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Civilians In Myanmar Fight Back Against Authoritative Regime


The military that took power in a coup in Myanmar early this year has used force to keep that power. The military has killed more than 830 civilians and put thousands in detention, including the democratically elected leader Aung San Suu Kyi. Resistance to the coup continues to grow, and social media images now show a military force training to defend the shadow civilian government. Reporter Michael Sullivan has been following the story and is on the line. Hey there, Michael.


INSKEEP: So I was looking at these images. They show people drilling in a clearing in the jungle somewhere. They don't have visible weapons, but they've got uniforms. They're marching in formation. What's going on?

SULLIVAN: We think that they are along the border with Thailand. And as you said, there were dozens of them, but they didn't have any weapons. And this group was formed by the shadow National Unity Government, made up mainly of those lawmakers sacked after the coup. Is this People's Defense Force for real, though? Is it gaining traction? I don't think so. Not yet, anyway. People don't seem all that impressed with the National Unity Government or its People's Defense Force, but that doesn't mean people aren't fighting back. They're just doing it on their own.

INSKEEP: Although...


SULLIVAN: In attacks like this one, by what are basically civilian militias, which have been occurring more and more often since the coup - this attack on a police station near the center of the country was a little over a week ago - the attackers captured or killed several members of the security forces and made off with guns and ammunition before melting away.

INSKEEP: I guess this is what caught my attention, because this begins to take on more a flavor of a civil war, if you have armaments on both sides. Are these attacks limited to a particular area?

SULLIVAN: No, they're all over the country now. In a little town in the west, near the border with India, locals have been fighting and killing soldiers for months. They even held the town for a while before being forced to withdraw into the jungle. So it's hit and run, hit and run, and they're getting better at it, says one expert who left Myanmar last month - University of Washington professor Mary Callahan. She's the author of "Making Enemies: War And State Building In Burma."

MARY CALLAHAN: Some of the members of these militias are going off and getting a couple weeks of trainings in simple explosives and strategy and tactics, and coming back and wreaking havoc wherever they are.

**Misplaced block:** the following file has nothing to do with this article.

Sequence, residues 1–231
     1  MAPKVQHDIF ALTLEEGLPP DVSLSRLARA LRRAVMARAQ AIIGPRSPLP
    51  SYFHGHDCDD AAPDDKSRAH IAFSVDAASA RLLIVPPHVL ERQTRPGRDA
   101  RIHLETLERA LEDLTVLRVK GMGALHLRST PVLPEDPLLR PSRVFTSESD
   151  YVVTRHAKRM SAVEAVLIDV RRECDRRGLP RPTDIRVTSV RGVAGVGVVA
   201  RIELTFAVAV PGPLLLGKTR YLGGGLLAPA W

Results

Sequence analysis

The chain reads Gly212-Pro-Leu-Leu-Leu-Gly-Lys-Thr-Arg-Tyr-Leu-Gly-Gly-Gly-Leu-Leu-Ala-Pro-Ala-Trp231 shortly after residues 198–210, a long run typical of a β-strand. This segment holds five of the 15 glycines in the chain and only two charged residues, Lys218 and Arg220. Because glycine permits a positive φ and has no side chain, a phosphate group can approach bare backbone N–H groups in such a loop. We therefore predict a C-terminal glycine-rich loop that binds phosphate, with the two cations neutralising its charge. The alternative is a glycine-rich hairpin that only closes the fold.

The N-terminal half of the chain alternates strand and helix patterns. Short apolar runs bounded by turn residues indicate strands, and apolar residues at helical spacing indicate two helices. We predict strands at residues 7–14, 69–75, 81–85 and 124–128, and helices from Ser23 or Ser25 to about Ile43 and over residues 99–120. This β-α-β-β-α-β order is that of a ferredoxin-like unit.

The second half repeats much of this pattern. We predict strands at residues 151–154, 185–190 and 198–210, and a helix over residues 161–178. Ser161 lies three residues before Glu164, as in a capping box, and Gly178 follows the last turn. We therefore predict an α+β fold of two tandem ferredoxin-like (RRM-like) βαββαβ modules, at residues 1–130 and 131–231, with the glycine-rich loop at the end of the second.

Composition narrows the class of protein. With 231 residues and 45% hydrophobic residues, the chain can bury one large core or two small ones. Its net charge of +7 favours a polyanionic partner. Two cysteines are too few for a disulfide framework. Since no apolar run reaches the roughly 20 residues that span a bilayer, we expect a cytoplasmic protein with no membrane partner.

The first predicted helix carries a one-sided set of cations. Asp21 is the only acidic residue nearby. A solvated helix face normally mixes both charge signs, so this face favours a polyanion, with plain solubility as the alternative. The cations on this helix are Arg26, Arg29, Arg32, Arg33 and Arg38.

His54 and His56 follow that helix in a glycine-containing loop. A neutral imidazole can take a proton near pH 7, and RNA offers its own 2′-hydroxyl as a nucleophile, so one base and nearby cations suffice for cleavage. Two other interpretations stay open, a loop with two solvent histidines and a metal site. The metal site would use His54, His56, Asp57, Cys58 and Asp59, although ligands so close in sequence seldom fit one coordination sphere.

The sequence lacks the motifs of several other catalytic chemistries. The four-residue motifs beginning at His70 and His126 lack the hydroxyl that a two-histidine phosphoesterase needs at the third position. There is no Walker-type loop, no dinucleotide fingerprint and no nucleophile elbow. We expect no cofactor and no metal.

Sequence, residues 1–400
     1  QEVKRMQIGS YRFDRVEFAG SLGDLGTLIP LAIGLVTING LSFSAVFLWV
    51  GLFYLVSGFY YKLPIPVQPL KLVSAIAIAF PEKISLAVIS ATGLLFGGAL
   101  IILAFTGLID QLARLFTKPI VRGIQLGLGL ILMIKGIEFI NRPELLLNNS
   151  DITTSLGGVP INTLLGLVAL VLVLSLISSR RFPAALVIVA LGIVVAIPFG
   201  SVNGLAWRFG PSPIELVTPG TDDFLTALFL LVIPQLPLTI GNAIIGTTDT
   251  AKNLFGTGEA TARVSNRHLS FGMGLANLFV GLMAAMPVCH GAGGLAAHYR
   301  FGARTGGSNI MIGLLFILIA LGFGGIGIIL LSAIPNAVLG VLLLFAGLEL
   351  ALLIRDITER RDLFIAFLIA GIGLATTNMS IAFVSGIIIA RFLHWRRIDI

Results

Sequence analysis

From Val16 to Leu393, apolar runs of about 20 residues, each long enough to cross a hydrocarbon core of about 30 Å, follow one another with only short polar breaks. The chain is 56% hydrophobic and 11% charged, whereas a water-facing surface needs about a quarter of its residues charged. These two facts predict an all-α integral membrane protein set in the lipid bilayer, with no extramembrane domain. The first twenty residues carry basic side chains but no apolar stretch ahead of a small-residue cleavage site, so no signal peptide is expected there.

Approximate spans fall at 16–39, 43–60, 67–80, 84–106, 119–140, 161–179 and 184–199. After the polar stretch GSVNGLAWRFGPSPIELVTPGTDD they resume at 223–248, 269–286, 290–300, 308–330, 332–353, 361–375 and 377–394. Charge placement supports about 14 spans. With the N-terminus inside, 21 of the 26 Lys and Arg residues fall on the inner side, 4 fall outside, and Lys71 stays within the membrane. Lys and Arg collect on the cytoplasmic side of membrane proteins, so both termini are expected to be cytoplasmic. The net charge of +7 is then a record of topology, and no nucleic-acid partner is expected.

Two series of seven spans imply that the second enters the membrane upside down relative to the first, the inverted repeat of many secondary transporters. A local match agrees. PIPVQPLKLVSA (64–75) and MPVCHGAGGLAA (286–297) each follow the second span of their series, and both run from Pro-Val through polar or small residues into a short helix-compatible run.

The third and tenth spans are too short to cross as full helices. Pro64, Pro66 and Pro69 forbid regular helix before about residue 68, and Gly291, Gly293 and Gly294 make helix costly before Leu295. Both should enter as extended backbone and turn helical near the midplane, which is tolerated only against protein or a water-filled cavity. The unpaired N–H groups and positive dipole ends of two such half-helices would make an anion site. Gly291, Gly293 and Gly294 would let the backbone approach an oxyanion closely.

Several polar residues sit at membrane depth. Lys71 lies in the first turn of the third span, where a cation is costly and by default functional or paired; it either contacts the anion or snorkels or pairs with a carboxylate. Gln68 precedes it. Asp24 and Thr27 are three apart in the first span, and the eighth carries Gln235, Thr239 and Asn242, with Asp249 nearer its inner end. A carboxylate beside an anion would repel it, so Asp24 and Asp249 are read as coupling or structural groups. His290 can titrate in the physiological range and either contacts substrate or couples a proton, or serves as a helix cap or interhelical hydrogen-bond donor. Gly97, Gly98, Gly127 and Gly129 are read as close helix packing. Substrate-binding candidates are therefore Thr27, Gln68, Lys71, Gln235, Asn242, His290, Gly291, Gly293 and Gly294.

INSKEEP: So she mentions going off to get training. Who's doing that and where?

SULLIVAN: It's with the ethnic minority militias who've been battling Myanmar's military on the country's border for decades. And this is a win-win for them, Steve. They've been increasing their attacks against the military since the coup. They see an opportunity while the military is busy trying to crack down on dissent in the heartland. And these ethnic minority militias have also been taking in some of the democracy activists who fled the big cities, fearing arrest.

MAUNG KAUNG: (Non-English language spoken).

SULLIVAN: University student Maung Kaung (ph) fled to a camp in the east of the country near the border with Thailand to learn to fight, he says, and hopefully help remove the military once and for all. And it's this idea of getting rid of the military permanently that seems to be driving this resistance countrywide.

INSKEEP: And very briefly, is there still traditional protesting, civil disobedience, going on in the cities?

SULLIVAN: There is. Pop-up demonstrations are continuing. So are the general strikes. The economy is tanking. And the resistance is active in the cities, too. It's not just members of the security forces being targeted there. It's local officials too - people who are viewed as collaborators and are being dealt with accordingly.

INSKEEP: Michael Sullivan reporting from Thailand on Myanmar. Michael, thanks.

SULLIVAN: You're welcome, Steve.


Michael Sullivan is NPR's Senior Asia Correspondent. He moved to Hanoi to open NPR's Southeast Asia Bureau in 2003. Before that, he spent six years as NPR's South Asia correspondent based in but seldom seen in New Delhi.
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